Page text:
The end for Hartman and her home came ten years later. On March 25, 1937, an oil lamp tipped over in the bedroom. One of the responding volunteer firemen later reported the scene to a coroner’s jury: “…we responded to the call and went down to Minerva’s Fort and when we got there the house was a mass of flame. We boys all got together and did the best we could. We went through the remains of the shack and as we went we came across Mrs. Hartman’s body.”

Mother Minerva Hartman, reportedly 103 or 104 years old, had died of smoke inhalation before the flames reached her. Her body was interred at Olivet Memorial Park under the auspices of local veterans groups.

For sharing Minerva history we thank the late Rich Higgins at Caltrans, researcher Russell Brabec, and our friends at the History Guild of Daly City/Colma. Other sources: San Francisco Call-Bulletin, San Francisco News, and San Francisco Chronicle, March 26, 1937, and Daly City Record, April 1 and April 8, 1937.

Minerva reading
Mother Minerva Hartman inside her home. (Emiliano Echeverria/Randolph Brandt Collection).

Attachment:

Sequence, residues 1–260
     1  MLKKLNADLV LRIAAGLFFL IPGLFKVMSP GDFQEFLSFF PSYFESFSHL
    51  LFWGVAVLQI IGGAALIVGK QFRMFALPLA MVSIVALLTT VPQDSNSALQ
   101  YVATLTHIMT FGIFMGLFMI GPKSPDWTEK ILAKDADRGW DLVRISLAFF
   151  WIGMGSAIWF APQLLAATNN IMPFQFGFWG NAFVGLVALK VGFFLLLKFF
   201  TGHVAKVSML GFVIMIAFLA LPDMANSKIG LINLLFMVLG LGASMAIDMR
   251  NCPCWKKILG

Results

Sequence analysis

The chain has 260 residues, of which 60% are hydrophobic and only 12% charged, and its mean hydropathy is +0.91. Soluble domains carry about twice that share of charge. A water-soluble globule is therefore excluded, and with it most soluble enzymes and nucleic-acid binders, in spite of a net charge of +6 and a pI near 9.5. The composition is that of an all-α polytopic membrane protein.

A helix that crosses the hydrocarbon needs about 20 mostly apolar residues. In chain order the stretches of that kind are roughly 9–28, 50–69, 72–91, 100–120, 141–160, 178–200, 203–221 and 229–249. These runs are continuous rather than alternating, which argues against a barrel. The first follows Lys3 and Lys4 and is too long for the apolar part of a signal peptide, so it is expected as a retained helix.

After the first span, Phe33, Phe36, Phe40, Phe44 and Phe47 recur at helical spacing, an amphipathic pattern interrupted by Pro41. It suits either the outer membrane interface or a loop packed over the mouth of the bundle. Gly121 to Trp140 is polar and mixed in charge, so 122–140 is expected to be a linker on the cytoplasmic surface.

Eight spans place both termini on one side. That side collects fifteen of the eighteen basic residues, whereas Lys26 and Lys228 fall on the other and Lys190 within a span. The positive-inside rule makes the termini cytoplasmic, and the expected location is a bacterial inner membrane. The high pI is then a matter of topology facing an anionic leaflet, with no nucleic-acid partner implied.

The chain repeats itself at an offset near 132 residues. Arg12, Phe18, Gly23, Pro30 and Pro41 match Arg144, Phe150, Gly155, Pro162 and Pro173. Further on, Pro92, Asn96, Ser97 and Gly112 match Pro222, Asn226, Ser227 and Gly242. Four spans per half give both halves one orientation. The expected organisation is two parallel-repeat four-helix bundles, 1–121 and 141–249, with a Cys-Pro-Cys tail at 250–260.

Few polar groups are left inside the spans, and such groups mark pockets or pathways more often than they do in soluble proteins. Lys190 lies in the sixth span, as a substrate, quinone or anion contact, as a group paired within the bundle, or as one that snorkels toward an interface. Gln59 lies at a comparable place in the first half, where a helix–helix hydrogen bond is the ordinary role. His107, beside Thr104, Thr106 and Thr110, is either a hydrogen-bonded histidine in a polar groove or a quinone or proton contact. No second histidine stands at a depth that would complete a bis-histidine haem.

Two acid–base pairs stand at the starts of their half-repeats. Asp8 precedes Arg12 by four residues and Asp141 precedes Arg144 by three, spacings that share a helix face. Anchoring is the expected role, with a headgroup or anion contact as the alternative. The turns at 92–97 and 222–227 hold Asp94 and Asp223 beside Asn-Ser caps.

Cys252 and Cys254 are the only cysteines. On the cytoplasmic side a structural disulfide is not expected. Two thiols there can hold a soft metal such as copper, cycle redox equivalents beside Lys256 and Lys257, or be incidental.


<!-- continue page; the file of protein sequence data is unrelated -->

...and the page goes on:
The San Franciscans: Gertrude Barnett

by Nicole Meldahl

Researching a local found in an OpenSFHistory image.

Gertrude Barnett, born and raised in San Francisco, was the daughter of a German immigrant named Mary. Just fourteen-years-old in 1906, Gertrude celebrated her graduation from John Swift Grammar School in an unusual fashion. A mere two months after San Francisco was devastated by a massive earthquake, it must have been difficult to find a building safe enough to accommodate a large event. So public schools in the San Francisco Bay Area staged a joint graduation ceremony for 1,700 students in Golden Gate Park. An estimated 30,000 to 40,000 attendees heard addresses made by Mayor Eugene Schmitz and representatives from the United School District, and listened to music provided by the Golden Gate Park Band led by Paul Steindorff.

Gertrude Barnett atop Twin Peaks, c. 1920s
A snapshot labeled “Gertrude Barnett,” taken from Twin Peaks, c. 1920s. (Courtesy of a private collector).

In addition to Gertrude, mother Mary looked after three boys—Jess, Mark, and Irving—in the mysterious absence of a husband. The Barnetts were part of the “smart set,” with Gertrude appearing in the society section of the San Francisco Chronicle for receiving guests at a friend’s engagement party in December 1913.